Published in The Jerusalem Post on August 27, 2000
With shmita, the sabbatical year for agriculture, just around the corner, religious and secular protagonists have yet another battlefront on which to skirmish.
A controversial new Ultra-Orthodox rabbinical ruling, reported last week, threatens to strip kashrut approval in Jerusalem and other cities from any food establishment relying on Chief Rabbinate shmita leniencies. Unless the Chief Rabbinate steps-in to halt the extremism.
Observance of shmita once every seven years is Biblically-mandated as a means of enforcing socio-economic justice and teaching man humility before God. Shmita observance, even to the point of financial loss to the farmer and economic hardship for the consumer, is considered an extremely important test of Torah-observant society’s mettle.
In Israel’s modern situation however — beset by agricultural and economic difficulties and diplomatic-military challenges — absolute shmita observance is far from simple. In response, rabbinic leadership 110 years ago crafted the *heter mechira*, the symbolic “sale” of agricultural land to non-Jews during shmita, permitting Jews to work the land and sell the produce under certain conditions.
The *heter mechira* has been reluctantly re-ratified by the Chief Rabbinate every shmita since then, but its implementation grows ever more problematic. To begin with, the *heter* was meant as a temporary arrangement, not a two century-long exemption from shmita observance. And many farmers sign the *heter* papers “selling” their land, but fail to follow the complicated guidelines which govern farming under the *heter*.
Orthodox Jews who impose on themselves stricter standards of shmita observance (which is their right!) get through the shmita year primarily by buying Arab-grown produce. (This year there also may be some shmita-free vegetables from areas of Israel beyond the ancient, sanctified borders, like the Arava, Gush Katif and the Golan; as well as produce imported from abroad at high cost).
This may be fine for a segment of the religious public. But as a matter of public policy affecting *all* Israeli consumers — with general public food providers now to be forced by the haredim into adopting stricter standards — primary reliance on Arab produce is neither realistic nor acceptable.
Last shmita, there was an epidemic of hepatitis in the haredi community, apparently caused by the contamination contained in vegetables grown by Arabs in untreated sewage water. Just this month, the Ministry of Health barred the import of cucumbers and beans from the autonomous areas because of high levels of pathogens.
Last shmita, Arab farmers conquered vast tracts of market share in the Israeli agricultural economy, because their produce was in demand, while Jewish farmers couldn’t find buyers. Cucumbers are a good example. Ever since last shmita and until the recent health ban, Arab farmers held a lock-hold on provision of cucumbers to the Israeli market.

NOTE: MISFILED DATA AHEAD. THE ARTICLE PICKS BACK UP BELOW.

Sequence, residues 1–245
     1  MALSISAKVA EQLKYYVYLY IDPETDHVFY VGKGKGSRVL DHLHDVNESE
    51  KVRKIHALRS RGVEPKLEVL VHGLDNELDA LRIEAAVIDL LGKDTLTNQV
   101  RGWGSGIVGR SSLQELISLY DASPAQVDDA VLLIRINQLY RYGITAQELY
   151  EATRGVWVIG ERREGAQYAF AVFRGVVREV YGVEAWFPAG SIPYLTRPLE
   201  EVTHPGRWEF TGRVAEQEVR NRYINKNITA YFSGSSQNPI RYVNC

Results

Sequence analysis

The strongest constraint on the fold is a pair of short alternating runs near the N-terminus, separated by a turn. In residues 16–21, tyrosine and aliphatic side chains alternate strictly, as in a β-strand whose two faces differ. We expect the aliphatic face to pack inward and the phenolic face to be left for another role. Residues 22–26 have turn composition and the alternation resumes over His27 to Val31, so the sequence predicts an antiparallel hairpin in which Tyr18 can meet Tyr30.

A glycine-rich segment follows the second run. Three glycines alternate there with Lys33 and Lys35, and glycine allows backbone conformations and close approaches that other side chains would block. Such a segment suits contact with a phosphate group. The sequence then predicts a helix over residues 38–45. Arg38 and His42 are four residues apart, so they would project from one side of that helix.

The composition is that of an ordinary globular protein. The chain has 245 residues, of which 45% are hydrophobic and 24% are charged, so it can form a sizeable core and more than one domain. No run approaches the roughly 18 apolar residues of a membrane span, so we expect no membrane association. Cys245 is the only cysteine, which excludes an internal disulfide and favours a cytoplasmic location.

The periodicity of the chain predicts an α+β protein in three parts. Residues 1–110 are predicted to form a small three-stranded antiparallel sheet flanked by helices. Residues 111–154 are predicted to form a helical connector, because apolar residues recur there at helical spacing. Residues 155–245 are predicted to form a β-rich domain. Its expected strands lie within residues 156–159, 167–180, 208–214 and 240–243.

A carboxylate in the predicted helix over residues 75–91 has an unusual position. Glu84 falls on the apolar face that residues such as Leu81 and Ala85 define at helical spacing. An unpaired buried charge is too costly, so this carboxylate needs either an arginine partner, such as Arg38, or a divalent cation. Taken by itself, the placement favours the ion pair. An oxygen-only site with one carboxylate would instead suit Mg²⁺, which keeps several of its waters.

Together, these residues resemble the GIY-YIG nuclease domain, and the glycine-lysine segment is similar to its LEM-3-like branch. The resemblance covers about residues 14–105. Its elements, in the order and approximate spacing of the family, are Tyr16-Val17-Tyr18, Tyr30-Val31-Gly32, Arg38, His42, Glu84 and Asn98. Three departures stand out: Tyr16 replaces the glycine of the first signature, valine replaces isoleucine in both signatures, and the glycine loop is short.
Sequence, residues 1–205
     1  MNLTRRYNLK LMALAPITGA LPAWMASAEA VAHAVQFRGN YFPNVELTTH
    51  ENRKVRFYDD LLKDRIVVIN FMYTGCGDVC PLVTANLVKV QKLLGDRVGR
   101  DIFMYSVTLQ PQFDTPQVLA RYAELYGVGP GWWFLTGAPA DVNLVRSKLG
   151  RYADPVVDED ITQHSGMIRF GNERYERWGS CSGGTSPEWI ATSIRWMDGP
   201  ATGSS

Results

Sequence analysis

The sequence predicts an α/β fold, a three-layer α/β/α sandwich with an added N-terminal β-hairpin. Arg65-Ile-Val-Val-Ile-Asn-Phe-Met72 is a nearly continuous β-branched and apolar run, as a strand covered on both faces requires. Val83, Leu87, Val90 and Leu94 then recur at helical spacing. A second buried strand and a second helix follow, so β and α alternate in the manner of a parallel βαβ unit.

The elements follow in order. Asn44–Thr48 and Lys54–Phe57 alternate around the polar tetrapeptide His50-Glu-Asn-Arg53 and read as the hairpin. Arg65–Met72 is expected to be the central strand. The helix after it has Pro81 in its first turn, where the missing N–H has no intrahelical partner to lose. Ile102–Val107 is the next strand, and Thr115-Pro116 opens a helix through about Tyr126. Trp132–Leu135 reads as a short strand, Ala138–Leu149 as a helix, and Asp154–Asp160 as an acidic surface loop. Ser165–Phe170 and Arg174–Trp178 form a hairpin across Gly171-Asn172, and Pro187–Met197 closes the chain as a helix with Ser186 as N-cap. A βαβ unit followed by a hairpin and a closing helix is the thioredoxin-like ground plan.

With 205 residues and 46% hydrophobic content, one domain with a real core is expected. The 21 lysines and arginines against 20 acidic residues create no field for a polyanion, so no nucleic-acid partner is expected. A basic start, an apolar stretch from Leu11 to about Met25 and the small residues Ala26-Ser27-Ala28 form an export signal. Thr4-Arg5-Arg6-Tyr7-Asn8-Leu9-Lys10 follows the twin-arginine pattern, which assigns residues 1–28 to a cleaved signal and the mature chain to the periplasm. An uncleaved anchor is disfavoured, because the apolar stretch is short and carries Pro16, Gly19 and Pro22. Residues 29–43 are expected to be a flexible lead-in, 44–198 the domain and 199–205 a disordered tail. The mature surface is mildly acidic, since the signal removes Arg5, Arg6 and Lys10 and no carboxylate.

Last shmita, haredi kashrut organizations were forced to admit that much of the “Arab-grown” produce they purchased for their public turned out to be Jewish-grown produce, sold secretly by the kibbutzim to the Arabs for resale to the haredim. If larger than ever parts of the Israeli public are now to be coerced into buying from the “Arabs”, the fraud can only be expected to increase.
That’s why the recent haredi ruling requiring hotels, restaurants and catering establishments in places like Jerusalem to abjure *heter mechira* veggies or risk loss of their kashrut certification – is unacceptable.
Enforcement of such a radical ruling on the broad public is politically and economically wrong-headed because it means abandoning long-term market share to Arab farmers, weakening our already battered Jewish agricultural sector, and the inevitable granting of larger water allocations for agriculture to the PA.
Enforcement of such a radical ruling on the broad public is narrow-minded and religiously-unwise – because the high cost of imported fruits and vegetables will force many food businesses out of the kosher orbit and make it more difficult for the broad public to enjoy widely-available basic kashrut.
Which brings us to the crux of the matter. On the national level, observance of shmita is not just a personal matter of technical-halachic right and wrong, or getting by as a religious-haredi consumer. It’s also a question of public policy. That means caring for all Jews in Israel, not just for the faultless kashrut of your own dishes and the impeccable purity of the vegetables you put in your own mouth.
Considered in this religiously broader, more nationally-responsible context, one has to take into account other halachic imperatives: the imperative to ensure that the broad public has access to basic kashrut, and is not forced into absolute violations of tradition; the imperative of maintaining an economically-viable Jewish agricultural sector; and the imperative of protecting the Land of Israel from creeping Arab annexations.
Centuries ago, responsible rabbinic leadership understood that it had the responsibility to harmonize halacha with the greater good of society. Thus, it fashioned the *pruzbul*, a legal stratagem which does an end-run around the sabbatical year’s mandatory, across-the-board debt-forgiving regime. Responsible rabbis also contrived the *heter iska*, a halachic contract which allows businesses to overcome the Torah’s prohibition against the charging and paying of interest. Why did they do this? Because real life and the masses required it.
Responsible rabbinic leadership of today ought realize that for the country as a whole it is not yet time to dispense with the *heter mechira*. Time for the Chief Rabbinate to make its voice heard, loud and clear, in this matter.